Twitter is a new means of communication for many of us and while we may want to rightly engage in robust criticism of the media (or other problematic practices) it becomes an issue if we deliberately or accidentally incite followers to be unpleasant. Scientists aren't the only people to do this - journalists also have done it too.

    In several recent cases what began as reasonable questioning by scientists/skeptics became overly personal with a minority of people resorting to name calling and personally threatening remarks. Gillian McKeith is one example. Anyone involved in sharing social/science be they a scientist, skeptic or other does need to reflect on how they engage. If we're coming across as aloof, bullying or arrogant we simply play into the stereotypes of our profession that allow others to dismiss us.

    Until recently the media has been able to remain relatively unaccountable. And I suspect many media outlets saw twitter simply as a means to further broadcast and self promote. However twitter does make them more accessible and accountable and for that I am glad. If journalists are engaged in sharing bad science (or ignoring/misrepresenting key issues) then they should expect twitter to be used to challenge them. It's how we make those challenges that's important to continually reflect on.

    This doesn't mean we can't question or criticise, but there needs to be a way of doing that effectively. Holding journalists accountable if they promote fake studies (or misrepresent science generally) is very much what our role should involve. Calling said journalist names or encouraging others to abuse them is not. (I'm not saying this happened here, but am raising where boundaries should lie).

    Rather than being defensive and deciding who we feel was to blame in this story (or only limiting our discussions to this case) it may be better to focus on several issues:
    - encouraging journalists to engage more with scientists
    - putting pressure on editors to allow accurate evidence to be shared
    - challenging the overuse of fake formula and shoddy surveys in the media
    - making journalists more aware where they can get good research stories from
    - reflecting on how we as scientists engage with the media
    - attempting more collaborative working practices
    - finding ways to hold editors, publishers and journalists more accountable for bad science reporting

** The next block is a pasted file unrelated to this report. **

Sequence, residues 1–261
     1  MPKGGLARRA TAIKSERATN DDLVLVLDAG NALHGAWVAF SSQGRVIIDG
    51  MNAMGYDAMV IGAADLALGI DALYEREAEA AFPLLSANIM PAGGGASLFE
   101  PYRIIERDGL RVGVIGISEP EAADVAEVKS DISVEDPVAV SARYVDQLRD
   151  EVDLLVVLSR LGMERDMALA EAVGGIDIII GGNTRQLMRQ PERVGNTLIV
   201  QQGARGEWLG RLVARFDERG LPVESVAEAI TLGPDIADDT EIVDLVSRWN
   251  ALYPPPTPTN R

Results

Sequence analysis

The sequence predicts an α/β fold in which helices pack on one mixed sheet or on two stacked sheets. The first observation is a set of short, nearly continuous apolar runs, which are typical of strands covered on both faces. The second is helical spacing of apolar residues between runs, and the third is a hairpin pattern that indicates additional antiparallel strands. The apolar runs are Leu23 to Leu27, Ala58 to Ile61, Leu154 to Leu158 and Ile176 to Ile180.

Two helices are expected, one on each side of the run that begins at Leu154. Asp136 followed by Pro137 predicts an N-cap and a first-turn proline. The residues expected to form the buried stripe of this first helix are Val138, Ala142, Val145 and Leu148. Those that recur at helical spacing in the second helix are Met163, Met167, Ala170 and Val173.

If something good can come from this then surely it's an invitation for everyone involved in sharing science via the media to reflect on how we can all do it better and work more closely together.

  8. There are two warnings in this episode.

    For the sceptic and scientific communities we have to interact constructively with journalists. . If we don’t, if we try to influence the debate by launching viscous attacks on neutrals we run the risk of alienating our audience. Worse, we become seen as a community which is dangerous and unpleasant to interact with and which only gets what it wants by bullying, ranting and threatening.

    There are people who make money by deliberately touting bad science, deceiving and harming their customers. These people are the proper targets of sceptical ire; not a journalist who may, or may not, have been about to report a piece of PR fluffery.

    We need to pick our targets with more care, more humility and less often.

    There is also a warning for old media struggling with falling revenues and audiences. The economic value of media is either as a pure entertainment or a finder and conveyor of economically useful information. People turn to media for information that helps them make decisions that affect their life, livelihoods and health. The value of that information is, in part, the trust that can be placed on it. If new media are better at conveying science to those who value it and start to expose the poor service mainstream media provides to consumers of scientific journalism revenues will divert from old media to new media. I have a relative with a chronic condition. Correct information about effective treatments is very valuable to me. If I can’t trust old media to provide it I will go somewhere else to find it and take my valuable eyeballs with me.

    There is value on both sides of this coin. A constructive working relationship between sceptics and journalists can benefit both sides. Sceptics and scientists gain better reporting of their work and view point, journalist continue to earn a living by doing good journalism that is valued by their customers for its accuracy and reliability when making important decisions.

  9. Hmm. Maybe Ben, and others like him, should do much more of what they continually exhort journalists to do - check their facts!